The Samsung Galaxy Watch 4 Might Measure Body Composition

The Samsung Galaxy Watch 4 Might Measure Body Composition
Photo: Victoria Song/Gizmodo

The rumour mill surrounding Samsung’s next-gen smartwatches has been absolutely buzzing these past few weeks. The latest contends that Samsung’s next flagship — the Galaxy Watch 4 — might add a bioimpedance analysis (BIA) sensor. If you’ve never heard of BIA before, it’s the same tech used in smart scales to determine your body composition.

The rumour comes via Android Authority and Max Weinbach, a tech writer with a decent track record of sussing out what’s coming next for Samsung gadgets. That said, there’s not much else to go on. Weinbach kept things snappy in his tweet, merely stating “Galaxy Watch4. BIA sensor.” Rumours and leaks should always be taken with a heavy grain of salt, but there are two main reasons to think this one might not be totally bunk.

The gist is BIA works by sending a weak electric current through your body. Depending on the impedance or “resistance” that signal encounters, you can estimate body composition as different types of tissues have higher or lower electrical resistance. Fat is more resistant to electricity compared to water, blood, and muscle. Most smart scales using BIA, for instance, claim to measure body fat, muscle mass, water, and occasionally, bone density. To do this, you need a pair of electrodes — one to send out the current, and another to receive it, thereby creating a complete circuit.

That should sound familiar, as it’s also how advanced smartwatches — like the Samsung Galaxy Watch 3 — take ECG readings. For ECGs, the reason you’re asked to place a finger in a specific area on the watch is to complete a circuit. Samsung already knows how to send and read electrical currents sent through the body, so it’s not like it’d be an extremely heavy lift to add body composition analysis.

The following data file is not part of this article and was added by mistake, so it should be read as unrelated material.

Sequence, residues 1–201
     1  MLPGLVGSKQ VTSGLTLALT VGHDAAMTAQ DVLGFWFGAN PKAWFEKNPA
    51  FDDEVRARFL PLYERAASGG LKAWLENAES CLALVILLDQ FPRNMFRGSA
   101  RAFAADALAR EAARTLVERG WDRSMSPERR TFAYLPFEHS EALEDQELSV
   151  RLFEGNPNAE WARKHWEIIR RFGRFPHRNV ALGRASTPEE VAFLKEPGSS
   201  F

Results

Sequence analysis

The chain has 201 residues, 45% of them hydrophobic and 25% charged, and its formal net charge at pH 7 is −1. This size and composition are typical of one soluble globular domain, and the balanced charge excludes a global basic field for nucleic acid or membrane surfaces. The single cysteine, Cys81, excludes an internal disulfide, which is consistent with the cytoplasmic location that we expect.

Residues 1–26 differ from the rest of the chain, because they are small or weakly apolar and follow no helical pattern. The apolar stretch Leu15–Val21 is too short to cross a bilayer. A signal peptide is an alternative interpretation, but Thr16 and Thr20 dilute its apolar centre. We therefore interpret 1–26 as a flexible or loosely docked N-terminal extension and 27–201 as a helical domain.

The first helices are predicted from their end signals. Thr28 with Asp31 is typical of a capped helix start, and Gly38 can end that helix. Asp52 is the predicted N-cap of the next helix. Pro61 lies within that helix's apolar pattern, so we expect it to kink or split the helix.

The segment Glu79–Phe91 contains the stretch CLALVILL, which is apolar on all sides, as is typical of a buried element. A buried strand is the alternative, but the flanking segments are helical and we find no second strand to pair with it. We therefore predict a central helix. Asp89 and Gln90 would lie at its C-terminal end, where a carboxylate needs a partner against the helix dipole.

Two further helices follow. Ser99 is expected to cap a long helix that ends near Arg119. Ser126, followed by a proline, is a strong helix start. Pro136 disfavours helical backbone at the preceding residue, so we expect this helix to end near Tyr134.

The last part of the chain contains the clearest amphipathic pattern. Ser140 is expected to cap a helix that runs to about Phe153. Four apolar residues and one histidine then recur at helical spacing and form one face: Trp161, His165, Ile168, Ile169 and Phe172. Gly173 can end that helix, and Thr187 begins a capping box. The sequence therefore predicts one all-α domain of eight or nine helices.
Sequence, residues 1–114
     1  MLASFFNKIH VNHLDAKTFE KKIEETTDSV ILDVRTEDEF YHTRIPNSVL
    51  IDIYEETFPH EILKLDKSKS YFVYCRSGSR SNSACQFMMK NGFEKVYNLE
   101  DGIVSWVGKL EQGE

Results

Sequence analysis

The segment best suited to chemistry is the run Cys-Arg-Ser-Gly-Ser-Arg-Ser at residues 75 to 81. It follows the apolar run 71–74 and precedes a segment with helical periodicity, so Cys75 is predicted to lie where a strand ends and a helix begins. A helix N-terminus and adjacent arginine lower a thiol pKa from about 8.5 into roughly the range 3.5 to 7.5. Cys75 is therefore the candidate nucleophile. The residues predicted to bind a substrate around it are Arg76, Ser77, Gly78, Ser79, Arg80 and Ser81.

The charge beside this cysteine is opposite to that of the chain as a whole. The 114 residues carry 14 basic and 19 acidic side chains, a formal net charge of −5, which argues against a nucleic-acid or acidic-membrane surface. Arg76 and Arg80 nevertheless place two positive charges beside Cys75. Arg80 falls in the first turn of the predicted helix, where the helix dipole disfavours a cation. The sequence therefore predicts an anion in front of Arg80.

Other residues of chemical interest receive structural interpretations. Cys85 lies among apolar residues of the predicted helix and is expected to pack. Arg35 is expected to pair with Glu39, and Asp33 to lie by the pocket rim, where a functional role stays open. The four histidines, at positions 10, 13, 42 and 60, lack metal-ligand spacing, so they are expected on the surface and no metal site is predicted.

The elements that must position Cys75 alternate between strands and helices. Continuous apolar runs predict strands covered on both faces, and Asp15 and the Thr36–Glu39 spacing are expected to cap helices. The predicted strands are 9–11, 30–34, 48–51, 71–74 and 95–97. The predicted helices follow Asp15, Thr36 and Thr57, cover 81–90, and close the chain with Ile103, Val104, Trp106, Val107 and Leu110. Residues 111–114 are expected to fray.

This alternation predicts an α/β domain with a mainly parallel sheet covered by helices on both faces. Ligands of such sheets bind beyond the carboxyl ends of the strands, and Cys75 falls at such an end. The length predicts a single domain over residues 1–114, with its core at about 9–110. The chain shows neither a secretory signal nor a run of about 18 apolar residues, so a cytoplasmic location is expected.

The second reason is Amazon’s also dipping into body composition with its Halo tracker and app — albeit using a totally different method. Amazon Halo measures body fat in an extremely problematic way. It requires you to strip to your skivvies and take pictures on your phone to get an estimate of your body fat percentage. You’re also shown a 3D model of your body that comes with a slider, so you can see how you’d look with minimal body fat and a six-pack, or a high percentage of body fat. The company claims its method is highly accurate and comparable to clinical lab tests, though accuracy isn’t the problem with Halo.

So given that another major tech company is dabbling with body composition, and the fact it wouldn’t be a huge technological lift, it’s reasonable to think Samsung might introduce this kind of feature. Among flagship smartwatches, we’re also in the midst of a “health tech arms race.” So far, Apple, Samsung, and Fitbit have led the pack. Apple and Samsung are both heavily rumoured to be working on blood glucose monitoring and Fitbit introduced an electrodermal activity sensor with its ambitious Sense smartwatch. However, BIA is something neither Apple nor Fitbit has brought to the wrist. (Fitbit does, however, have a smart scale that uses this tech.)

The thing is, while this could give Samsung a leg up, it’s also wading into murky territory. Measuring body composition is, on its own, not a bad thing. Metrics don’t have any morality. However, BIA is not the most accurate measure of body composition, although it is the most easily accessible to consumers. For example, if you drink a lot of water, or are dehydrated, that could throw off your BIA measurements. Clinical methods, like DEXA, air displacement plethysmography, and MRIs, are more accurate but are expensive and require you to go to a lab. In short, BIA is fine for roughly estimating your body composition over time — but you can get bunk individual readings.

Giving consumers an accessible way to gain insight into their training or weight loss efforts is, broadly speaking, a good thing. However, there’s a lot of nuance to interpreting these results in a responsible way. If done carelessly, like Amazon Halo, you’re possibly handing people with body dysmorphia or eating disorders a dangerous tool.

Samsung has made strides in recent years to improve its health offerings, largely to great success. There have been a few hiccups, but after reviewing the last four Samsung smartwatches, I can say each watch has been better than the last and Samsung itself has taken care to comply with regulatory bodies like the FDA. Personally speaking, Samsung has a better chance of pulling off body composition features than Amazon, as it has way more experience in health tech. However, it is nerve-wracking to imagine Big Tech wading into the incredibly nuanced and controversial relationship between body fat and health. If this Pandora’s box has to be opened, here’s to hoping it’s done with more care going forward.